There is nothing that prevents appointees from being partisan.  A redistricting czar or commission appointed primarily by Democrats or Republicans is subject to all the same potential worries.

I'll stick with elected legislatures > appointees in the matter of what is democratic.  That is true irrespective of whether particular decisions of either are good or bad.

[Also: how exactly is redistricting to be placed in the hands of "the people as a whole" without the majority finding a way to squeeze out the minority?]
>There was significant, although not conclusive evidence in the last election that a number of California congress seats were decided through ballot box stuffing by the democratic party.

If you mean ballot harvesting, it's not a type of stuffing - it's basically a get-out-the-vote technique.  It introduces more potential for fraud, but is not inherently fraudulent.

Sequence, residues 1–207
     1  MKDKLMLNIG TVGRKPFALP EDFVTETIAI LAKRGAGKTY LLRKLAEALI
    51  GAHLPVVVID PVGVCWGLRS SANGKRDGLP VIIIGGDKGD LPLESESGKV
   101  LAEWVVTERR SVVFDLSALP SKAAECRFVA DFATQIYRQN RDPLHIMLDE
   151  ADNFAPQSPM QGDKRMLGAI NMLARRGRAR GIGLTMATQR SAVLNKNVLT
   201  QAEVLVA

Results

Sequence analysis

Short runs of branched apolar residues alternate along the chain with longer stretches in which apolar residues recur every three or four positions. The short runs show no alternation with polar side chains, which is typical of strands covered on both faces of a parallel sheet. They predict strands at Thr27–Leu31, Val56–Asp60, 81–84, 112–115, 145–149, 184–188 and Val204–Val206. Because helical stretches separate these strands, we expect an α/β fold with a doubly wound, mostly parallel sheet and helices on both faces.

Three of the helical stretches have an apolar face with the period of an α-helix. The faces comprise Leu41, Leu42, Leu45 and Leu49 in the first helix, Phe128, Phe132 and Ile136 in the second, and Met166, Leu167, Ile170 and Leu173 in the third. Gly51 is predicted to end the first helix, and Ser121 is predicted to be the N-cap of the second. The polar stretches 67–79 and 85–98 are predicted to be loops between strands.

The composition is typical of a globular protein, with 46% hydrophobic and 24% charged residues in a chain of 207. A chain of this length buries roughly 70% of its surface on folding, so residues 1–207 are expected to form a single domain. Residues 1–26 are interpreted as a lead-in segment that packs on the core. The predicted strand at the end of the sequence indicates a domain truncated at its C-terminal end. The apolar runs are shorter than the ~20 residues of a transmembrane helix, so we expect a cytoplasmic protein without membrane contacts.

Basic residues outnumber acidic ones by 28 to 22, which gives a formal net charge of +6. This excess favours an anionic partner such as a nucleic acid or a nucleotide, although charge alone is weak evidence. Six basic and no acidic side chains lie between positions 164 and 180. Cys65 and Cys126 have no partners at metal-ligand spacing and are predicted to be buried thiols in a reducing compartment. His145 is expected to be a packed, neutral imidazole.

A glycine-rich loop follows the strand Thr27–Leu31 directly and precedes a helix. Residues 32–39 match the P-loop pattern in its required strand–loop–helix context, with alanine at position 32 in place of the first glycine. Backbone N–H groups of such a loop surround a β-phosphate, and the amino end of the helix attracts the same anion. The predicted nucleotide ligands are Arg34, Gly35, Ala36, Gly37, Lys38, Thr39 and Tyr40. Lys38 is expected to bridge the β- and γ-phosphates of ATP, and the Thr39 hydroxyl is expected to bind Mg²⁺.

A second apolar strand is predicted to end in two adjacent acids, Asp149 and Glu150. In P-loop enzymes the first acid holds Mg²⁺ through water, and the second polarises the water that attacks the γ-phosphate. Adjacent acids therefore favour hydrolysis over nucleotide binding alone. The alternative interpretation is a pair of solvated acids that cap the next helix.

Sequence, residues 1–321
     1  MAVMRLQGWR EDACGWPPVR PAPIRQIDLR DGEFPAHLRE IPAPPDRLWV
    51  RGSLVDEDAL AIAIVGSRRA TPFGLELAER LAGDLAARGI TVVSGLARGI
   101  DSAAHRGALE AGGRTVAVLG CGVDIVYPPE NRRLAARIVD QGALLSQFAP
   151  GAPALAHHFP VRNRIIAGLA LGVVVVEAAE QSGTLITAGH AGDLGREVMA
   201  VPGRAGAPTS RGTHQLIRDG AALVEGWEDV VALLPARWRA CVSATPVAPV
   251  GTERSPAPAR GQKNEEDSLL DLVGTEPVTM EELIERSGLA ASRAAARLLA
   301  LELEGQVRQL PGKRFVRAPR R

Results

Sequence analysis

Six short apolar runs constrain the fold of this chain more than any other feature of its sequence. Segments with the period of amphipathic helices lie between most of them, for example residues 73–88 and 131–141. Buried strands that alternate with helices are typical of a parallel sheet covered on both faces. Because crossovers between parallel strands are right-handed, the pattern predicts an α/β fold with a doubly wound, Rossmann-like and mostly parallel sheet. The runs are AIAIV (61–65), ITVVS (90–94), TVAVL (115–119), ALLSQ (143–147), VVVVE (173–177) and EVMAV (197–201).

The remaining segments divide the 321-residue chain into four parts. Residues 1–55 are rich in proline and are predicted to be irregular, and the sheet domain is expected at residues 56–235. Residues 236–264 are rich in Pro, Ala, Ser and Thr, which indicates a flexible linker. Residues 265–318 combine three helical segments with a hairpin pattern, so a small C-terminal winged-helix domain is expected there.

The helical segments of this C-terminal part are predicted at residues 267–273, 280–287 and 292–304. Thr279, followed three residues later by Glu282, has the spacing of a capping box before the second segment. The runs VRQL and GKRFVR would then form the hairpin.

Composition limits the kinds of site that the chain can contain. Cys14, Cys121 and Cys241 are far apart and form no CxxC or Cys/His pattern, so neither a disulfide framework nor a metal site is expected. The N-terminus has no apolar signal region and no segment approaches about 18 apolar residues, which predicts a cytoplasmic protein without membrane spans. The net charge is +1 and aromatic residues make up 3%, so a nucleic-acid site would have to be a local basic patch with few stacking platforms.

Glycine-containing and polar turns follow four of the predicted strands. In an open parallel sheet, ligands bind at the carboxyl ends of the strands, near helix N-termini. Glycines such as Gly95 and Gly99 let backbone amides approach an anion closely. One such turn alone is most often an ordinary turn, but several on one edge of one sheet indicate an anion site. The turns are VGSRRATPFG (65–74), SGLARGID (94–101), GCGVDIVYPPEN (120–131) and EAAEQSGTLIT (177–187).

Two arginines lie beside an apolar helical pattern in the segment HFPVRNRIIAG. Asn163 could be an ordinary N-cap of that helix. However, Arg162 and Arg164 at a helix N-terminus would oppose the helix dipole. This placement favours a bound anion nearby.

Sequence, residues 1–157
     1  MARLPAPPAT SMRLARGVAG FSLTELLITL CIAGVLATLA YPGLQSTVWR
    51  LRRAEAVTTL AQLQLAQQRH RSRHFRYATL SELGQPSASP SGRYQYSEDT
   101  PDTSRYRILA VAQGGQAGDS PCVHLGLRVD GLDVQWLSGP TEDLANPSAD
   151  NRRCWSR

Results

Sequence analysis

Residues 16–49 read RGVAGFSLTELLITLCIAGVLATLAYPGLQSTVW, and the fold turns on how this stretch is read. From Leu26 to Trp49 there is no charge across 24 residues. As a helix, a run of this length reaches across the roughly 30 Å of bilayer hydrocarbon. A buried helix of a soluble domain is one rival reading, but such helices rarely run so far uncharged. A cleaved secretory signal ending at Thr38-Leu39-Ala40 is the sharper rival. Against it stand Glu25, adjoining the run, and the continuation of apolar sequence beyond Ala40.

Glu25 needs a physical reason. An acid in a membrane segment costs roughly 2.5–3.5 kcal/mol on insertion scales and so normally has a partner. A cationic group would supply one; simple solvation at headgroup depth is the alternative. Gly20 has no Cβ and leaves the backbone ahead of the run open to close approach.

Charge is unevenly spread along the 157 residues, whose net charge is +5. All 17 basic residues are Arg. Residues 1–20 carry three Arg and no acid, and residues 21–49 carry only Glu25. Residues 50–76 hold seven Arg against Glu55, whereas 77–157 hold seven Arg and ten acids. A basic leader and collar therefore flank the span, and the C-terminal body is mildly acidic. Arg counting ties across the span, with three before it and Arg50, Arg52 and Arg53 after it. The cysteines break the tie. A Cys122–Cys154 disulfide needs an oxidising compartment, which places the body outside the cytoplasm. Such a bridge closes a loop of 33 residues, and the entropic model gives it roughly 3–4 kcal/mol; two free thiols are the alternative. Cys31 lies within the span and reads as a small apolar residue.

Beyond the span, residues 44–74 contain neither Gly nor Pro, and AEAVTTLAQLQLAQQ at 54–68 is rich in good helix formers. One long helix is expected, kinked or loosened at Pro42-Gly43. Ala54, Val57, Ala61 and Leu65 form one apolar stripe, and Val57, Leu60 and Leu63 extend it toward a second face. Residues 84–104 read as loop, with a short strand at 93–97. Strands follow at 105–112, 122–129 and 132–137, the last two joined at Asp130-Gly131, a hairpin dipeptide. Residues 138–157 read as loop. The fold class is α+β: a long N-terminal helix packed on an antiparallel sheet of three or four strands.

That is what I meant, thanks for the explanation.  Although not necessarily fraudulent,  the extent to which it affected the outcomes after the polls had already been tallied would indicate some degree of illegal activity.  Just saying.
YZT580 said:
There was significant, although not conclusive evidence in the last election that a number of California congress seats were decided through ballot box stuffing by the democratic party. 

YZT580 said:
Although not necessarily fraudulent,  the extent to which it affected the outcomes after the polls had already been tallied would indicate some degree of illegal activity. 

June 24th, 2019

Trump’s latest California voter fraud claim as baseless as past allegations
We found Trump's new voter fraud claim as baseless as his past allegations.

For those of you who have no quarrel with the Supreme Court on the Gerrymandering decision, here's an article from the Atlantic which I think articulates your viewpoint very well: